Is this quark gluon fusion and if not, what would qg fusion look like?
"fusion" is not a terminology appropriate for bound states. One would not call the hydrogen atom an electron proton fusion. Bound states are quantum mechanical states with discreet energy levels. You could name any scattering of a quark with a gluon as fusion, as long it is not modeled as a bound state.
If one wants to search for bound states of quarks and gluons, as they are doing in the paper by CMS , (the proposal of the search here).
An excited bottom quark, b∗, is used as a benchmark model when setting limits on the cross section for a heavy resonance decaying to a top quark and a W boson. The hypotheses of b∗ quarks with left-handed, right-handed, and vector-like chirality are excluded at 95% confidence level for masses below 2.6, 2.8, and 3.1 TeV, respectively.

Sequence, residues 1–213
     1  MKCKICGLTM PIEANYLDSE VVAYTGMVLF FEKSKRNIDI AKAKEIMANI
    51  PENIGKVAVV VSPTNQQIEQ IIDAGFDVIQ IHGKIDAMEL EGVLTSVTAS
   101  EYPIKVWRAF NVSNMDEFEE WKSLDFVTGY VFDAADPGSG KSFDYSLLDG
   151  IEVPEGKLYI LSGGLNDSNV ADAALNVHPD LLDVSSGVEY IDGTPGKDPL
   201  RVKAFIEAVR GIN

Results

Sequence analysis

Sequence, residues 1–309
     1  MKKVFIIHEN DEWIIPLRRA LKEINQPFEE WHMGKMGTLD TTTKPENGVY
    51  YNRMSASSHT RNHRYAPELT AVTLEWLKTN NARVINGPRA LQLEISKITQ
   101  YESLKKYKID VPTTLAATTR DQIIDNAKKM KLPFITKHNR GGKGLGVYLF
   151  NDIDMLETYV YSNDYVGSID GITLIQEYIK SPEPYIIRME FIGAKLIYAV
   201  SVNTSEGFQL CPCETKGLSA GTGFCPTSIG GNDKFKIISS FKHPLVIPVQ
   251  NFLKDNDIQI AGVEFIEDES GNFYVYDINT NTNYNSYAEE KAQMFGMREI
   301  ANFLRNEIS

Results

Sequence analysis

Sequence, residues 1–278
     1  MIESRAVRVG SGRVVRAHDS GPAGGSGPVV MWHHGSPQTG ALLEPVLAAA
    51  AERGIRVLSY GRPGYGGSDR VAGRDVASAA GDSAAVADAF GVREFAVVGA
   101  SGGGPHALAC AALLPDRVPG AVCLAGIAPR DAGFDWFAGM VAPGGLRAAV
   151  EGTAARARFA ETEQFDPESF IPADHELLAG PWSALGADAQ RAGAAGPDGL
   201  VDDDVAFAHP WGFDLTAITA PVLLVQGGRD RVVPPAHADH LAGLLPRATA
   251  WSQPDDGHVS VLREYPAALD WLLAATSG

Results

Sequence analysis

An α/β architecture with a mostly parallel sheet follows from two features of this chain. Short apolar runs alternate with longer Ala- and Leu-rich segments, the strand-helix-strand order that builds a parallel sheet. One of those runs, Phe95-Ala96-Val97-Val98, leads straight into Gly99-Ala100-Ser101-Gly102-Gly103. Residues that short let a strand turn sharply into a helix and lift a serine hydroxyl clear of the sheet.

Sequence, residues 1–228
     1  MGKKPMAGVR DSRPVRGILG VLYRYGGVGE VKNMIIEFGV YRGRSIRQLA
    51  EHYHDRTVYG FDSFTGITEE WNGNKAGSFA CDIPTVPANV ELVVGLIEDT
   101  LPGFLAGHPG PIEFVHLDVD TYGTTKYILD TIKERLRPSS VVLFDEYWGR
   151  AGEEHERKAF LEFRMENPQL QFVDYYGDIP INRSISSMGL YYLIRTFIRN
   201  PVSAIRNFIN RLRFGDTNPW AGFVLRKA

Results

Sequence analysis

The resonance will be seen in the decay products and will have a unique mass and quantum numbers depending on the quantum numbers of the particles it decays to.
is there a reason a down quark wouldn't work?
For the specific in the quote above a b quark is needed in order to model a quark bound state that would decay to a top and a W of a specific mass. One has to know the specific bound state proposed in your link to see if the same outgoing particles would be derivable from a bound d. For the diagram you show a d would do as well.